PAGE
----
Problem: I have to encode sounds as efficiently as possible while maintaining best quality. The only way I can do this is by encoding with different bit rates, and then listen to the files.

I'm on the Mac and I listen to two versions using preview and the arrow keys. But it is hard to judge which is better because I can't set a loop region and listen to A / B over and over again starting at the same point every time.

Is there a tool which makes this task of comparing two differently encoded files easy?

9 Answers 9


Sonnox makes a plugin for music mixers to quickly A/B what different MP3/AAC bit rates will sound like. It might be the solution that you are looking for.



I go about it in a slightly different way, I like to listen to artefacts on their own. What I do is encode the samples and then decode them back to wav. Then I import them into a DAW invert the phase on the decoded files and then subtract the original uncompressed file so you are left with the artefacts. I will then choose the compression based on the annoyance factor for the artefacts.


that's a great question. In theater have A\B switches like this to test microphones against eachother. In terms of a software solution, if I weren't writing my own tool in MAX\MSP, I'd be inclined to use qlab (www.figure53.com) to play the two files in sync with eachother. Then trigger "fade" cues with hot keys to toggle which is audible as they both play continuously


If you're looking to do it on the cheap, and you don't need sample-accurate playback, you could always use Quicktime Pro.

Enable the preference 'Play sound in frontmost player only', hit 'command-return' to play all open files, then use the keyboard to toggle between the open windows.

Quicktime Pro is able to loop a selected area within a file.


I think ABX will work with multiple types. It's an A-B testing app for listening tests. 10 blind listens and an average score.



Wiretap Studio lets you loop sections of audio, and change the compression format/settings during playback. It's also a really useful tool for capturing any audio source on your Mac.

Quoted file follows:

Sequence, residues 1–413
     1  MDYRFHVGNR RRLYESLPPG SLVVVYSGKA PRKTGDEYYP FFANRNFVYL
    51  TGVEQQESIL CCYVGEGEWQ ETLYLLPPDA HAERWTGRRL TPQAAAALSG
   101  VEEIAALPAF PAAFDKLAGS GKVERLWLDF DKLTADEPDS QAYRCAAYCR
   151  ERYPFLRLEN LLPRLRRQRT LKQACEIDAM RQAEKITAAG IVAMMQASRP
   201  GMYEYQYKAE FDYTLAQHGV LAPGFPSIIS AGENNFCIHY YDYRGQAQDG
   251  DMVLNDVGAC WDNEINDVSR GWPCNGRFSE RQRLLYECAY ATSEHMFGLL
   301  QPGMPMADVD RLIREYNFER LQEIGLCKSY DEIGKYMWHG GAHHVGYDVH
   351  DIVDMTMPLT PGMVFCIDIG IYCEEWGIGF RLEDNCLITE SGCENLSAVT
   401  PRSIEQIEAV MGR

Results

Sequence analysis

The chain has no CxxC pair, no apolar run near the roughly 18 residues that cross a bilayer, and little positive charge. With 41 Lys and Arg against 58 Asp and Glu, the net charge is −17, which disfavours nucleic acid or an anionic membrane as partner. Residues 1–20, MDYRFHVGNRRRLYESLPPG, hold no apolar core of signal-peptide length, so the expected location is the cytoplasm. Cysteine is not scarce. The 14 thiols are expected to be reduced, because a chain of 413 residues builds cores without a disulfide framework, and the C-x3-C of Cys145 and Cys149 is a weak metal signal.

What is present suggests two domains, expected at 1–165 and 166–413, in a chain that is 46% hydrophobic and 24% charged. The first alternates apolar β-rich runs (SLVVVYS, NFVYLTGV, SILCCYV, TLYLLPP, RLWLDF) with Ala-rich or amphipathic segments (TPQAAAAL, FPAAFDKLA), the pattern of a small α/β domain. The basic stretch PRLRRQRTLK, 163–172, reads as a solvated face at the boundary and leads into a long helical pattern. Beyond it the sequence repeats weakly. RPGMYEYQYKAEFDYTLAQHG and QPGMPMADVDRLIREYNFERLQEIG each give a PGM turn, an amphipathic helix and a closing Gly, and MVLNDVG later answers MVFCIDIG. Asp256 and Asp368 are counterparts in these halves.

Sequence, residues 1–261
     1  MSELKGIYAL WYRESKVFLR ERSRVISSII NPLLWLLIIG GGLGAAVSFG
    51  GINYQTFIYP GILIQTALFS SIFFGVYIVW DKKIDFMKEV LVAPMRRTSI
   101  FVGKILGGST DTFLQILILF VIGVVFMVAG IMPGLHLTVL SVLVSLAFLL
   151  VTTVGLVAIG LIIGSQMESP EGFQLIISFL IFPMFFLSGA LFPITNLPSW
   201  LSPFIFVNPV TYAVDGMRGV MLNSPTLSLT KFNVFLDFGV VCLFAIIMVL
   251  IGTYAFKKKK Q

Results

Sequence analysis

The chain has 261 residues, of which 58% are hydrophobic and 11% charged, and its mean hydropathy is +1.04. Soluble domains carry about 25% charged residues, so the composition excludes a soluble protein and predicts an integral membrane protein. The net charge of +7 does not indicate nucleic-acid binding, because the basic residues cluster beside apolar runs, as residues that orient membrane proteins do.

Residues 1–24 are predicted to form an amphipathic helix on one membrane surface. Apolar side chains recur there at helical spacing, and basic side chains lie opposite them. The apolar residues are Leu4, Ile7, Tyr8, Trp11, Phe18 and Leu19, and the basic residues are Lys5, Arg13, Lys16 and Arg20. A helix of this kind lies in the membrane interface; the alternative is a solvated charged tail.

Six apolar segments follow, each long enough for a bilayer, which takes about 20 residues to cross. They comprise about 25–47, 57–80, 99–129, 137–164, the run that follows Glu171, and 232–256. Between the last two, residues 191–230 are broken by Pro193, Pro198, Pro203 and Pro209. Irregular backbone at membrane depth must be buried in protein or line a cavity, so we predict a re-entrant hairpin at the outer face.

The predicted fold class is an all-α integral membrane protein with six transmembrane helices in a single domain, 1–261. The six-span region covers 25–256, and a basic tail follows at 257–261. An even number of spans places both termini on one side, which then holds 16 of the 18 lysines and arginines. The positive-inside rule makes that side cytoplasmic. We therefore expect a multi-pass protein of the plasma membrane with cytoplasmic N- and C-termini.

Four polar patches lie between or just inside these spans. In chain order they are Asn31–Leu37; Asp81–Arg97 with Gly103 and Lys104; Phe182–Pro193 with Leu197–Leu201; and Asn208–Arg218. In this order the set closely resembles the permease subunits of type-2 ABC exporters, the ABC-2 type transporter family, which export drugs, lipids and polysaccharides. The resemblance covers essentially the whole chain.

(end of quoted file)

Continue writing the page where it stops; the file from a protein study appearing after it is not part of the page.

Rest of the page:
I would probably approach this by loading up Cockos REAPER and then "solo-ing" the particular track that I want to audition. I am fairly sure REAPER will support looping and all the required functionality.



For a conversion program, check out Amadeus Pro at www.hairersoft.com. It's an awesome editor, batch processor and converter that I use almost every day.

If you have access to a multitrack editor, try this trick for conversion. Make sure that you have a full-quality .WAV copy of the file you are interested in comparing. On one track, put the original wave file. On each subsequent track, place each version of the converted files. In order to compare, all you need to do is play the original on top of one of the converted files with the polarity of one of the two tracks flipped.

What this does is take two supposedly-identical files and play them in opposite polarity. Of course, the converted file has some data missing, so any material present in the original wave that the conversion deleted will play through. In essence, you're hearing a sonic representation of all the material that the conversion process deleted. With this setup, you just need to do a comparison of each conversion type to the original then pick whichever one has the least "missing" audio playing.



I've found that DJ software works. Just load up both tracks, make sure that the output is set to the higher of the tracks, and you can use the fader to switch between the tracks. I've had some success using the free app Mixxx.

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